By Marilyn Kennedy Melia Special to the Tribune
January 22, 2008
Lots of couples want a baby -- someday.Then, when someday finally comes, they want to conceive right now.While some might term such impatience an impudent attempt to control fate, it does have a practical side: It's important to know if you will have trouble getting pregnant as soon as possible. That's because the more time you have during your fertile years to remedy the problem, the better.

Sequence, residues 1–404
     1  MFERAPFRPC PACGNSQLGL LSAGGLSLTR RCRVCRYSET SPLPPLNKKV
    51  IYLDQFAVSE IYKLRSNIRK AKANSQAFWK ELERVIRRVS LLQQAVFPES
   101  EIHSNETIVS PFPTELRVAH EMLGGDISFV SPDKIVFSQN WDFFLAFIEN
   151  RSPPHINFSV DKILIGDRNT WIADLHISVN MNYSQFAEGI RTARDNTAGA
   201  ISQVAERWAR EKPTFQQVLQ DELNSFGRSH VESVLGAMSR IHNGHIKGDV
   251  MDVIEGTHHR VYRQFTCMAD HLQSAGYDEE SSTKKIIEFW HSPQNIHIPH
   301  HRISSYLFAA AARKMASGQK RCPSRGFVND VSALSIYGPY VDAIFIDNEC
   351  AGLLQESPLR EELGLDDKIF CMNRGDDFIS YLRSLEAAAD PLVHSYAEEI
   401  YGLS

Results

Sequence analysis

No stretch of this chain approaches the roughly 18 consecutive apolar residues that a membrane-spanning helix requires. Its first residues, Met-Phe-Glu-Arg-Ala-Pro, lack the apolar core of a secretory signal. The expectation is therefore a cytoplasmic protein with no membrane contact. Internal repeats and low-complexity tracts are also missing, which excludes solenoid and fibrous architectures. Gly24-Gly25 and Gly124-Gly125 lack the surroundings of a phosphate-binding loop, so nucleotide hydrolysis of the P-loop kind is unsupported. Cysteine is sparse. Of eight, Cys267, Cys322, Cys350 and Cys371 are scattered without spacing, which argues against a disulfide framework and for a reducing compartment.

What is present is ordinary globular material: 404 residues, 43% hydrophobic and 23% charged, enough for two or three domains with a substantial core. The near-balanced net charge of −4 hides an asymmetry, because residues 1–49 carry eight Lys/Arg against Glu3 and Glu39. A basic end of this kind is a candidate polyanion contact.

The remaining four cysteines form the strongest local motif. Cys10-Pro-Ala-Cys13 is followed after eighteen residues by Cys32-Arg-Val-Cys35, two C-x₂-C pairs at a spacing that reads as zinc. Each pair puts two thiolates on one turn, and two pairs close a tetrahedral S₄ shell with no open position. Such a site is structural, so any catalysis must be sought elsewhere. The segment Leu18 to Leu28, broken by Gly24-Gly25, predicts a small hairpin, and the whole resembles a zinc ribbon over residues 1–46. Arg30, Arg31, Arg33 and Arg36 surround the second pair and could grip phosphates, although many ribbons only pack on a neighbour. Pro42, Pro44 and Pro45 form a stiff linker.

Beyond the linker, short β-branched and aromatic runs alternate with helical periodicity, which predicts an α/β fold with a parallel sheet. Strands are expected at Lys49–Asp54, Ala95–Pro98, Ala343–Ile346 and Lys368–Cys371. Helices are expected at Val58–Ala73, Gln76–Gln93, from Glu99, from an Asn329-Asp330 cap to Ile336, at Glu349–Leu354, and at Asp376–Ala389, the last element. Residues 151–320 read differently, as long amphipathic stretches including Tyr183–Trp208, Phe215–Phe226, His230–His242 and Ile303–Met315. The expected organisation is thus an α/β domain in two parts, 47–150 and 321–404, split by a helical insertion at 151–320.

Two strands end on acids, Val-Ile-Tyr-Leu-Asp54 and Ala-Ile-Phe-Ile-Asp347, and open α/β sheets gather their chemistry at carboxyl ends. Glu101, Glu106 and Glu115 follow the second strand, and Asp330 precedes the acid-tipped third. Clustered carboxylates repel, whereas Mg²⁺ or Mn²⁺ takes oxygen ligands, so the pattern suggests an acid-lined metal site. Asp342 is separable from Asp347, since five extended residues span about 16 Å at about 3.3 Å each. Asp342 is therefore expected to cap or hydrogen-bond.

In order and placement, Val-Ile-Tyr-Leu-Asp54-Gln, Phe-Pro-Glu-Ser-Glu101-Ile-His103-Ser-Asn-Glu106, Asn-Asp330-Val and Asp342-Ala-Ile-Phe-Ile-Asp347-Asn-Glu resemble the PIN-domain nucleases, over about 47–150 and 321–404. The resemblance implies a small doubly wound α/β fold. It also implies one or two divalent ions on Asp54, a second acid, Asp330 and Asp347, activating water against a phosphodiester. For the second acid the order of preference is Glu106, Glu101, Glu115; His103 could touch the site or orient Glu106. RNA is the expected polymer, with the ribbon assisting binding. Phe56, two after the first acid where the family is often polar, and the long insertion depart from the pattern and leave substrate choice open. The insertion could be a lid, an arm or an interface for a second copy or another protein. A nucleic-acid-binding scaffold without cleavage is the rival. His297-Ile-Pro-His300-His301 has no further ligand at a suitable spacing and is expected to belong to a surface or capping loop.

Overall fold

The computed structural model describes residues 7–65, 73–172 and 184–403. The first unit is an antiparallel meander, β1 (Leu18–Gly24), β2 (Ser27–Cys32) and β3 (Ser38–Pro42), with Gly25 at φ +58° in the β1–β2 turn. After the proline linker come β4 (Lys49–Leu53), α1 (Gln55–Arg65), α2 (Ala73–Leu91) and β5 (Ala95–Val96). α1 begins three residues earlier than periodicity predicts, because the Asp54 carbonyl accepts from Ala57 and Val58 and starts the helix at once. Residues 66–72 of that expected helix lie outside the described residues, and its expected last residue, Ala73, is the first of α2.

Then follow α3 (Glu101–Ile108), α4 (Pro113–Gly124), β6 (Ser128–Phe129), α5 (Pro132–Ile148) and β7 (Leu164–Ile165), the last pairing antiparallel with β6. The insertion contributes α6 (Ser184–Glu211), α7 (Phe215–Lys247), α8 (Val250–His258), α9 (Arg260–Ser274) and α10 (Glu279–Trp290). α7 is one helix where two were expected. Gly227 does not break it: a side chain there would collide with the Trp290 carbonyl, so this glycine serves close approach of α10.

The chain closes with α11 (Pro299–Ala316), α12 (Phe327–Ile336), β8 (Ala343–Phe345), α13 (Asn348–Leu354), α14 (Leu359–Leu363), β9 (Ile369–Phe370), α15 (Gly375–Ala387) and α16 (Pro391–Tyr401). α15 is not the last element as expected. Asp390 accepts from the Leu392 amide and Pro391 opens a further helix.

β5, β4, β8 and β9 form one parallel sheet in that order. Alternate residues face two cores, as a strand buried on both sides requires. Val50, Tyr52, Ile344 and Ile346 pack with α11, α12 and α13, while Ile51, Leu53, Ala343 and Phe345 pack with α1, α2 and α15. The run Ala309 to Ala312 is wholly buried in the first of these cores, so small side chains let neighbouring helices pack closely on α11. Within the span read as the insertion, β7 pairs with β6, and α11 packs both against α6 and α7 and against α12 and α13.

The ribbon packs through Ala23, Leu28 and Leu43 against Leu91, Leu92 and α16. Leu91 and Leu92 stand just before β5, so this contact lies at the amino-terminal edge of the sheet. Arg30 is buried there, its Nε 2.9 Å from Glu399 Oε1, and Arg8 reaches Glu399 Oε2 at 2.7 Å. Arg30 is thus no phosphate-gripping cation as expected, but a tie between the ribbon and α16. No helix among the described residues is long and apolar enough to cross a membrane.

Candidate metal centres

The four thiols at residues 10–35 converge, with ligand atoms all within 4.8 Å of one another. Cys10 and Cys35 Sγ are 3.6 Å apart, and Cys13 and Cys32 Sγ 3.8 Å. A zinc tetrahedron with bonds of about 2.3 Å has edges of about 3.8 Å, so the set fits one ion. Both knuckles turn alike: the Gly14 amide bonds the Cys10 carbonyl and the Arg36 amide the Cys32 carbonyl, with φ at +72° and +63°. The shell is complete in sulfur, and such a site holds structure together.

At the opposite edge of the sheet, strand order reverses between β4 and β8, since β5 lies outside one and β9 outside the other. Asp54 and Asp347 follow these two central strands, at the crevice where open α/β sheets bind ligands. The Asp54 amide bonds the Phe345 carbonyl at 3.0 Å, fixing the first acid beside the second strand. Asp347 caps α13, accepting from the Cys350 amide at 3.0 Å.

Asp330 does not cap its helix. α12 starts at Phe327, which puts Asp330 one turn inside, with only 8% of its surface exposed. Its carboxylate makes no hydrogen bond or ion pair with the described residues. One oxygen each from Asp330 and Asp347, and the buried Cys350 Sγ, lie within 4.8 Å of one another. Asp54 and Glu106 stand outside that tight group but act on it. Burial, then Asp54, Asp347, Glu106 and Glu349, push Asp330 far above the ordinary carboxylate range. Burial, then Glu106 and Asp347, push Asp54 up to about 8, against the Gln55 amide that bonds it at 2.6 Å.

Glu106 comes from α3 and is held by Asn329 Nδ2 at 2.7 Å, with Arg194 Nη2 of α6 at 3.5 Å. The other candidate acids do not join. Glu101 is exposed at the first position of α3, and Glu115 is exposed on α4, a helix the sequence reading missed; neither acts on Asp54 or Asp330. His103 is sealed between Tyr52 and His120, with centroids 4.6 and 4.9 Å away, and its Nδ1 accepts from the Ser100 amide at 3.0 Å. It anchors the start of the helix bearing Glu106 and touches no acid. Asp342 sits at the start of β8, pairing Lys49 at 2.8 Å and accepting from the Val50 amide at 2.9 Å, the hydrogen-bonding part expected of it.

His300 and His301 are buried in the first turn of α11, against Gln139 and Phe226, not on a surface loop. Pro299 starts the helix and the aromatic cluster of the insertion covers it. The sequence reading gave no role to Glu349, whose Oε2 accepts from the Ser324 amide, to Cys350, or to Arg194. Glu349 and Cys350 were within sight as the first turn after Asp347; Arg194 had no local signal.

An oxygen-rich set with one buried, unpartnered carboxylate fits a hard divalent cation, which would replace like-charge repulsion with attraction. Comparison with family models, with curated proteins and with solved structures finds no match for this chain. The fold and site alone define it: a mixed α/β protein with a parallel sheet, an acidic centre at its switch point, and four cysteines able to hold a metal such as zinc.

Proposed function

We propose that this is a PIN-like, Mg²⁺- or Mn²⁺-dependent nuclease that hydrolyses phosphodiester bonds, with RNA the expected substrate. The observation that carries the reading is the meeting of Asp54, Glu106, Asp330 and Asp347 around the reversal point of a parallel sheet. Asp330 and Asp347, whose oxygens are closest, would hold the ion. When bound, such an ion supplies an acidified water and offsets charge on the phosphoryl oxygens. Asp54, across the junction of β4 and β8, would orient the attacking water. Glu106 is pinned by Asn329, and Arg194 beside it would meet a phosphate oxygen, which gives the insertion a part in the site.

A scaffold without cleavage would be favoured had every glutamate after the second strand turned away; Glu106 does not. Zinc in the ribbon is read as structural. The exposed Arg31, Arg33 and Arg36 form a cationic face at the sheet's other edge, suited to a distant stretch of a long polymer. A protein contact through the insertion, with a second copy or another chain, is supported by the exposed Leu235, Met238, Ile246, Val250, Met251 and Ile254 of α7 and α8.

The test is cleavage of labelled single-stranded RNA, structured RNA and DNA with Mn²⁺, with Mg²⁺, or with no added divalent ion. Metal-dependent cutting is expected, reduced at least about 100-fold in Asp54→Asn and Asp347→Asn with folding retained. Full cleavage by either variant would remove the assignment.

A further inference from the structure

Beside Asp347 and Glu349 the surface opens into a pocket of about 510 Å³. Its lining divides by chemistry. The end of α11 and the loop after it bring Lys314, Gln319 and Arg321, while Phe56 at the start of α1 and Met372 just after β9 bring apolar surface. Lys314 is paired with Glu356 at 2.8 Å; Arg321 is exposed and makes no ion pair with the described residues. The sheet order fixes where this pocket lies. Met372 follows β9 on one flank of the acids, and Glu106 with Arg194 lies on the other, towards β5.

The standard advice is that couples who spend 12 months unsuccessfully trying to conceive should see a doctor for fertility screenings; after age 30 they may want to seek help after six months, said Dr. Arthur Haney, a reproductive endocrinologist and chairman of obstetrics and gynecology at the University of Chicago Medical Center.Now an at-home test called Fertell aims to provide an early alert to either male or female fertility problems and thereby shorten the wait for professional help.